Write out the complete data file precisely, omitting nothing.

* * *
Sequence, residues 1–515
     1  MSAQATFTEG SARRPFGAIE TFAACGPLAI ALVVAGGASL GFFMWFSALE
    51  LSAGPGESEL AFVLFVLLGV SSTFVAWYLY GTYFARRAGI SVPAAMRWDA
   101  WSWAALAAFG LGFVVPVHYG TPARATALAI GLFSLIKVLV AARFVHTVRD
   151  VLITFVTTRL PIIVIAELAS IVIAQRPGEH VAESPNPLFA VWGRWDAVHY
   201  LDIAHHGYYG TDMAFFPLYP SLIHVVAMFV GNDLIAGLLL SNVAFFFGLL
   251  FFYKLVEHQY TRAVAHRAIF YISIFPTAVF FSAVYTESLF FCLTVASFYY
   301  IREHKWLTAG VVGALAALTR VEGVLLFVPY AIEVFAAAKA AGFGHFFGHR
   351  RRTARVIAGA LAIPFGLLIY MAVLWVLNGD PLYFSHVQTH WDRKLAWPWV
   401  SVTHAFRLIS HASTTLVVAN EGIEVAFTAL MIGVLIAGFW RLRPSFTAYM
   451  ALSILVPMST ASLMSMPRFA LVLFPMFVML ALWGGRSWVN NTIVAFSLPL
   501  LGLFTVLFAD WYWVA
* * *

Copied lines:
Sequence, residues 1–515
     1  MSAQATFTEG SARRPFGAIE TFAACGPLAI ALVVAGGASL GFFMWFSALE
    51  LSAGPGESEL AFVLFVLLGV SSTFVAWYLY GTYFARRAGI SVPAAMRWDA
   101  WSWAALAAFG LGFVVPVHYG TPARATALAI GLFSLIKVLV AARFVHTVRD
   151  VLITFVTTRL PIIVIAELAS IVIAQRPGEH VAESPNPLFA VWGRWDAVHY
   201  LDIAHHGYYG TDMAFFPLYP SLIHVVAMFV GNDLIAGLLL SNVAFFFGLL
   251  FFYKLVEHQY TRAVAHRAIF YISIFPTAVF FSAVYTESLF FCLTVASFYY
   301  IREHKWLTAG VVGALAALTR VEGVLLFVPY AIEVFAAAKA AGFGHFFGHR
   351  RRTARVIAGA LAIPFGLLIY MAVLWVLNGD PLYFSHVQTH WDRKLAWPWV
   401  SVTHAFRLIS HASTTLVVAN EGIEVAFTAL MIGVLIAGFW RLRPSFTAYM
   451  ALSILVPMST ASLMSMPRFA LVLFPMFVML ALWGGRSWVN NTIVAFSLPL
   501  LGLFTVLFAD WYWVA